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Old 09-24-2021, 02:17 PM   #1
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2014 Lexington 265DS - Weight Distribution, Tire Pressure, Air Bag Pressure

2014 Lexington 265DS - Weight Distribution, Tire Pressure, Air Bag Pressure

I recently joined IRV2 to take advantage of the 5-Star Tuner discount. Here is my first post to IRV2 so hopefully I post it to the right area. This post will give you the tire and air bag inflation pressures I have decided on after weighing and reviewing the tire inflation pressures charts and the RV weight capacities for our fully loaded 2014 Forest River Lexington 265DS Class B+, built on a 2013 Ford E450 V10 5 speed.

SUMMARY:
The manufacturer recommended tire inflations are 75 psi front and 80 psi rear. I have set my tire inflations to 65 psi front and 80 psi rear.
I have set my air bag pressures to 60 psi on the drivers side and 50 psi on the passenger side (I may have gone with a higher air bag pressure without my upgraded shocks and sway bars - see my notes below).

WEIGHT DISTRIBUTION:
This motorhome is light in the front and heavy in the back. The 265DS is particularly heavy on the back driverís side due to the extra weight of the two slides and the 3500 watt generator, all located on the driverís side. The unit is light in the front given no overhead bunk and some lightening effect from the weight of the rear overhang, where the water, waste and fuel tanks are all located, all behind the rear wheels. The RV remained within its weight ratings at full load, however it was approaching its maximum capacity on the rear axle at full load, so when fully loaded I will have any additional weight or passengers ahead of the rear tires to transfer some of that weight towards the light front end. Cargo weight can also be added to a towed vehicle.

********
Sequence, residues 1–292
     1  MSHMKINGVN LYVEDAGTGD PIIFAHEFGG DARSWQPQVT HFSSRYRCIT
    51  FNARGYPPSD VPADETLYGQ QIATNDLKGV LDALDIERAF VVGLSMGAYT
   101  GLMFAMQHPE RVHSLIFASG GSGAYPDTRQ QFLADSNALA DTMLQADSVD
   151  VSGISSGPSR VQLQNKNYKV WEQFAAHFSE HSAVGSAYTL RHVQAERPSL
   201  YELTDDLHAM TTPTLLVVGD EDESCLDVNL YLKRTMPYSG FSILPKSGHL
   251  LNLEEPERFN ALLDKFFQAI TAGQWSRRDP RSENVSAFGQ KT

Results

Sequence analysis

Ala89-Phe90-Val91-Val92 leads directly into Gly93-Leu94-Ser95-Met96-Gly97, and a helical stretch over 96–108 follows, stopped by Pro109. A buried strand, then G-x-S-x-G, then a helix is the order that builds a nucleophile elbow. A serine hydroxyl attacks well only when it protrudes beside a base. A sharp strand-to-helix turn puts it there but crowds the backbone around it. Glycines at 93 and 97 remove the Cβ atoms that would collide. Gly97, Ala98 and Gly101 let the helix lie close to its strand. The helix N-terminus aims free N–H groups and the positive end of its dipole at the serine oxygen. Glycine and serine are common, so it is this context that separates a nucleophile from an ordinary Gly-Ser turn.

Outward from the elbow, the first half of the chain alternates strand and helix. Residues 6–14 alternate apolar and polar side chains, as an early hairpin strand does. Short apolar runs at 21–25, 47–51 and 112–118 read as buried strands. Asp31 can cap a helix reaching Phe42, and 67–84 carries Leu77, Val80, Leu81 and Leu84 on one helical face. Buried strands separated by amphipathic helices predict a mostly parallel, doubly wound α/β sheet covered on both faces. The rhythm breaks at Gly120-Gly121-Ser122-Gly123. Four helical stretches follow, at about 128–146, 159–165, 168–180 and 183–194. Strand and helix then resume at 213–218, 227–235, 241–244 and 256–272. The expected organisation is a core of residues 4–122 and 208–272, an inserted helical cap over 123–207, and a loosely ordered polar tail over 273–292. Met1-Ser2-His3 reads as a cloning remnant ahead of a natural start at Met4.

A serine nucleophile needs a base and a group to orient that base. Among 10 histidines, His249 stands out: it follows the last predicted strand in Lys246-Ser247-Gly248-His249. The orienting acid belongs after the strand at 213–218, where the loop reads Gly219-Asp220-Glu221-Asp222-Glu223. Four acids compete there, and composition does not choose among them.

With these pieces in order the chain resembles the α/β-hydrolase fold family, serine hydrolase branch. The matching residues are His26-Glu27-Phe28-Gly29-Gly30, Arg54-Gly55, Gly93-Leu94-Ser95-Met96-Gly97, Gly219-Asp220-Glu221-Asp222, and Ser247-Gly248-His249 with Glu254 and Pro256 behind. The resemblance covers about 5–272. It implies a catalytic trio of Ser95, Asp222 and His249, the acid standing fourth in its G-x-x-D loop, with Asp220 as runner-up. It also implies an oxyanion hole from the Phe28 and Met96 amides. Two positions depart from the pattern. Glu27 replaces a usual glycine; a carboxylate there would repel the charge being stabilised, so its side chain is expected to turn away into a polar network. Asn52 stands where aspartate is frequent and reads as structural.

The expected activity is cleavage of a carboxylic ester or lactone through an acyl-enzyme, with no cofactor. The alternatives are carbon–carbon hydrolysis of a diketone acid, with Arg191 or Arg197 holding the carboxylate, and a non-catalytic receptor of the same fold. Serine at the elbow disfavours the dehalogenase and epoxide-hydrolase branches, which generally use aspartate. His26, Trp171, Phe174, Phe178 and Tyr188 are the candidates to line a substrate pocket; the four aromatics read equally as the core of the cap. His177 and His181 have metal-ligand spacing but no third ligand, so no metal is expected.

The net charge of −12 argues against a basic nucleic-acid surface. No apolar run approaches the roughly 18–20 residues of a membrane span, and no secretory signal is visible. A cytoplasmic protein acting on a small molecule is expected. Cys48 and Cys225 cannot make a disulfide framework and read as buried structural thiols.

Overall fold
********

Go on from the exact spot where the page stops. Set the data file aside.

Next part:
INFLATION PRESSURES:
Tire placard recommended inflations: 75 psi front, 80 psi rear.
Weighing RV and using inflation charts: 65 psi front, 80 psi rear.
Air bags:
60 psi driverís side, 50 psi passenger side.
I will consider an additional 5 psi per air bag for extra load / passengers / towing.

WEIGHTS AND RATINGS:
The RV was weighed with a full load including full freshwater, full fuel, full propane, empty waste tanks, fully loaded for travel, and with two passengers.

Front Axle 3770 lbs (5000 lbs GVAW)
Rear Axle 9281 lbs (9600 lbs GVAW)
Total weight 13,051 lbs (Dry weight 11,200; 14,500 GVWR)
Front drivers side 1852 lbs (inflation chart 48 psi)
Front passenger side 2178 lbs (inflation chart 60 psi)
Rear drivers side 4708 lbs (inflation chart 76 psi)
Rear passenger side 4378 lbs (inflation chart 68 psi)

CHOOSING TIRE INFLATION PRESSURES:
My goal was to reduce the tire inflations if possible for a better ride and better tire to road contact, but stay within safe limits on all four tires, with some additional buffer above the full load condition.

65 psi was chosen for the front tires, allowing for an additional 155 lbs capacity above the fully loaded heavier front passenger tire. I felt 65 psi was safe since this would require 620 pounds to be added at the RV mid point, over and above the full load, just to reach the capacity on the heavy side at 65 psi. It also allows room for some extra weight on the front as lower fuel and water levels reduce the front lifting effect from having that weight behind the rear wheels.

As much as I wanted to reduce the rear tire inflation for an improved ride, I chose the full 80 psi for the rear tire inflations. This maintained a small buffer (222 lbs) above the heavy drivers side 76 psi inflation chart pressure at full load. I have since redistributed heavy items from the drivers side to the passenger side so the buffer is closer 350 lbs now. This buffer would be needed if the RV was ever fully loaded for travel, plus full fuel, plus full fresh water, plus full black water (unlikely to ever happen, but still safe).

Of course, both tires on an axle must be the same pressure so the weights on the light side tires are much lower than their weight capacities at these inflation pressures.

CHOOSING AIR BAG PRESSURES: